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IN PICTURES: French vineyards ablaze in bid to ward off frosts

To save their harvests from the sudden frost, winemakers in France appear to have set their fields on fire.

IN PICTURES: French vineyards ablaze in bid to ward off frosts
Anti-frost candles burn at the Daniel-Etienne Defaix wine estate vineyard near Chablis, Burgundy, on April 7th. Photo: Jeff PACHOUD / AFP

In fact the beautiful images are of thousands of “crop candles”, lit by French winemakers in a bid save their vines from the plunging temperatures, overnight freezes and even snow.

The flames came from large-sized cans of burning paraffin placed close to the vines to keep them warm.

From Chablis to Champagne, even in the south west around Bordeaux, a biting cold has seen the temperatures fall below 0C.

Seen from above, it looked like the whole fields were on fire. 

“We put around 1,000 candles on three hectares, but we decided not to light them overnight from Monday to Tuesday,” winemaker Claire Lelais in the south of Sarthe, north west France, told the French news site Actu.fr.

“It was cold, but there wasn’t too much humidity.”

A winegrower from the Daniel-Etienne Defaix wine estate near Chablis, Burgundy. Photo: JEFF PACHOUD / AFP

At a price of €10 per candle, she explained that they were unable to protect the whole 350-400 hectares of their fields.

Freezing vines. Photo: Jeff PACHOUD / AFP 

But the next night, “the buds were going to be covered with ice,” she said, so they ignited the fires.

“We will know in a few days if it worked,” Lelais said.

READ ALSO: How to choose a good bottle of wine in a French supermarket

Photo: JEFF PACHOUD / AFP

In Champagne, further north, winemaker Basile Pauthier, had spent several nights outside trying to rescue his harvest from the cold.

“Those with Pinot Meunier will be most spared,” he told the wine magazine Vitisphere on Wednesday, explaining that this grape variety was “later than Pinot Noir and especially Chardonnay ”

Pauthier, who also heads the wine projects at the Comité Interprofessionnel de Champagne (CIVC), said he worried most about the areas specialising in white wine.

QUIZ: Are you a connoisseur of French beers, wines and spirits?

Thursday was set to be another night of freezing temperatures, and “the worst night” for wine makers in the south, according to Vitisphere.

Member comments

  1. Does this really work outside? I have an egloo candle (three tealight candles with a ceramic bowl covering it) and this raises the temperature inside by 2 or on a good day three degrees if I keep doors closed in a 10m2 isolated room. Outside you would think the heat just raises up? It is not that those candles are placed close together……. ???? Still looks pretty from the sky!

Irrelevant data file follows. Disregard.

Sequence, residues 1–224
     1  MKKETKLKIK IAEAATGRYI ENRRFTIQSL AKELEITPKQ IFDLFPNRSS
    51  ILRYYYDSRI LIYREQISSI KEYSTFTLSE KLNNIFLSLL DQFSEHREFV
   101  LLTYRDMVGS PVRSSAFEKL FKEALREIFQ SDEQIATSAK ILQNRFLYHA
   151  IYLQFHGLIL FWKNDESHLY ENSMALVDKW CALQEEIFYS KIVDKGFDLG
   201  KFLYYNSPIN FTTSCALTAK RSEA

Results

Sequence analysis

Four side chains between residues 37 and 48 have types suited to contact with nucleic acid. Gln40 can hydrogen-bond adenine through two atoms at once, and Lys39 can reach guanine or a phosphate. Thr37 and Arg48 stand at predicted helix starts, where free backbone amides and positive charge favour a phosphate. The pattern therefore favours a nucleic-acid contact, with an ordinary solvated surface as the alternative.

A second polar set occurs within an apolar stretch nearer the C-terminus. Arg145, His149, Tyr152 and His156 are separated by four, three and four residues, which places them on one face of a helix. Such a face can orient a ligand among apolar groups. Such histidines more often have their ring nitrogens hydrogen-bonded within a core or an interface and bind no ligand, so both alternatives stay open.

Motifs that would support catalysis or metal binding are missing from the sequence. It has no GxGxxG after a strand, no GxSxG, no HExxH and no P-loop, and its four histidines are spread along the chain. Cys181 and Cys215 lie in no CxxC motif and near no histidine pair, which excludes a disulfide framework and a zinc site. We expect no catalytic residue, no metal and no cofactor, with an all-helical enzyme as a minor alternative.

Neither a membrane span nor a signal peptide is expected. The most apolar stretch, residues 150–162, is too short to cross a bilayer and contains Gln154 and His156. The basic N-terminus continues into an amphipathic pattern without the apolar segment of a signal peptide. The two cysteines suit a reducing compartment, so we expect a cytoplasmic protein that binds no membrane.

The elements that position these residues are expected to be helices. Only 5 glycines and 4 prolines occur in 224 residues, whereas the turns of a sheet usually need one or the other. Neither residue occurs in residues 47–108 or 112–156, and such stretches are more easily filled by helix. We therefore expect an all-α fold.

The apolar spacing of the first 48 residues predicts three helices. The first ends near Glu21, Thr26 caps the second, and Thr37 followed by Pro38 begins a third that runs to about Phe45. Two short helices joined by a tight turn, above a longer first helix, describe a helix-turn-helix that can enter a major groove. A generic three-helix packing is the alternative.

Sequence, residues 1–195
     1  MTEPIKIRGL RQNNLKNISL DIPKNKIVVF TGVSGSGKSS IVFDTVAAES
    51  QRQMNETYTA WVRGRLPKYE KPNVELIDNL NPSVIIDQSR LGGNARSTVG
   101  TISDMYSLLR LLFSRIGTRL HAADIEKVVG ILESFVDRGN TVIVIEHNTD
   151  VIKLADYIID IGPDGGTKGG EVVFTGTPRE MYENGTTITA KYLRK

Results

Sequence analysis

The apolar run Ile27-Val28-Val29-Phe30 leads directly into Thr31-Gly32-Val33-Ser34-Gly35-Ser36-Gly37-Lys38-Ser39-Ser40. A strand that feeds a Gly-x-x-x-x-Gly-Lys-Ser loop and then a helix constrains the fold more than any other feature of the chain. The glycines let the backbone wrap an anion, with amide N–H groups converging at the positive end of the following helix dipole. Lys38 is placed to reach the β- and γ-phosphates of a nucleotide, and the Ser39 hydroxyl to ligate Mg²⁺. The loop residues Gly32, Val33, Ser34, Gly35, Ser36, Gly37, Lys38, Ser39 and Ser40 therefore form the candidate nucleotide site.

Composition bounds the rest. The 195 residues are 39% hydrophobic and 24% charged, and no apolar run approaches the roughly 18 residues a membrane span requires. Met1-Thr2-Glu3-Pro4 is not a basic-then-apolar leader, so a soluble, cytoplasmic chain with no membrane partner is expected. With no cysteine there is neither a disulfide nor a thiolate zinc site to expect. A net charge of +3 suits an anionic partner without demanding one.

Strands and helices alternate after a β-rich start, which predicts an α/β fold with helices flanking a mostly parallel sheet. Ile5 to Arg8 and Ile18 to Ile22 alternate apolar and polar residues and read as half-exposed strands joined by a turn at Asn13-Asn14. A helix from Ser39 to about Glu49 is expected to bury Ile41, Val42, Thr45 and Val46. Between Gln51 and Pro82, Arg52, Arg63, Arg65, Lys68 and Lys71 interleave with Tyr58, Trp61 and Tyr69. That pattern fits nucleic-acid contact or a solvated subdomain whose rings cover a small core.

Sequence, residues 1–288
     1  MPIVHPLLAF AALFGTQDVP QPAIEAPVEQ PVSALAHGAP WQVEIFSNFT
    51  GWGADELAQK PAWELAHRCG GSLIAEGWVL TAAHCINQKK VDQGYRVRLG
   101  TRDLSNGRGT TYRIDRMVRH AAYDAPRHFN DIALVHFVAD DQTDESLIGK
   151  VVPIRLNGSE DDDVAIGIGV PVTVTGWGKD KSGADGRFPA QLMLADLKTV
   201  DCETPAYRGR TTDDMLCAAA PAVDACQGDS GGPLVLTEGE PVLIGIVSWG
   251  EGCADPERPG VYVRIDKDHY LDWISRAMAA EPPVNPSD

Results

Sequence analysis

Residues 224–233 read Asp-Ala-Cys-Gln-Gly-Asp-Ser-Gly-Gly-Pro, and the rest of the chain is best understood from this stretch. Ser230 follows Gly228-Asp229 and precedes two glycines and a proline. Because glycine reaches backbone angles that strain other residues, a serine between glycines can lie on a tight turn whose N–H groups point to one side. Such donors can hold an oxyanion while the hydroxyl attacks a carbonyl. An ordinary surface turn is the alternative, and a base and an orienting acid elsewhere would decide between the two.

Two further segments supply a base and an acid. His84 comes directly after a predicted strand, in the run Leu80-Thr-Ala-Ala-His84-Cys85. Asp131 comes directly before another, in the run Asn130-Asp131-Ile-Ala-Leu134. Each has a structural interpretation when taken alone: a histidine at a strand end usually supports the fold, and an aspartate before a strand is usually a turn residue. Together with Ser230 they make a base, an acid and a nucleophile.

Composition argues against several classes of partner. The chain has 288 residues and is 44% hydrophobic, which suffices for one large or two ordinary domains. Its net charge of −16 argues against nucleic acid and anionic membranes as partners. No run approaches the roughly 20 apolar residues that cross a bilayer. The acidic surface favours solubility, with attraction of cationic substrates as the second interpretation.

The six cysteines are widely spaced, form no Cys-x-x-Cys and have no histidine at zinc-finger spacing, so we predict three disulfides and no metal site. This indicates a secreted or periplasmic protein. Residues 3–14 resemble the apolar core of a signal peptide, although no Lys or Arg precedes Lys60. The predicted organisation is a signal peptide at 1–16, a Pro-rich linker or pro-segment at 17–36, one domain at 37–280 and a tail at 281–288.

2. This morning on the autoroute A11 near Ancenis there was a 15 vehicle crash caused by smoke from a vine owner. The autoroute was closed in both directions .
    I went through this area 10 minutes before this accident and the visibilty was zero in a matter of moments.
    Bright sunshine and drifted smoke.

    So who is liable ?

    Quatre carambolages simultanés sur l’autoroute A11, au niveau de l’aire de Varades, à Loireauxence (Loire-Atlantique), ce jeudi 8 avril, vers 8 h 20. Le quadruple accident, deux dans chaque sens, a impliqué quinze véhicules dont deux poids lourds. Il serait dû à une visibilité quasi-nulle. Parmi ces quinze véhicules, dix n’étaient plus en état de rouler.
    extract from Ouest France news

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LIVING IN FRANCE

Bikes, gig tickets and holidays: Seven things the French government might pay for

Living in France does have its drawbacks, among them a hefty tax bill for most people. But there are also plenty of perks, including the free stuff that the French government give you. Here's a roundup of just some of the things that you may be entitled to claim.

Bikes, gig tickets and holidays: Seven things the French government might pay for
The French government might pay for both your bike and your cycling holiday. Photo: Guillaume Souvant/AFP

Culture

If you’re a teenager, the government could be funding your books, films, music or video games, thanks to the new culture pass.

President Emmanuel Macron announced earlier this year that teenagers in France will receive €300 when they turn 18 to spend on as they like on cultural products such as books, video games or festival tickets.

Full details of the pass culture are available HERE.

Holiday vouchers

Based on the notion that holidays are essential, the French holiday voucher system – known as chèques vacances – was launched in 1982 by then-President Francois Mitterrand. Millions have benefited from the scheme ever since.

Run by the Agence nationale des chèques-vacances (ANCV) the scheme offers help with paying for holidays for four main groups; young adults, people with disabilities, older people and families, especially single-parent families.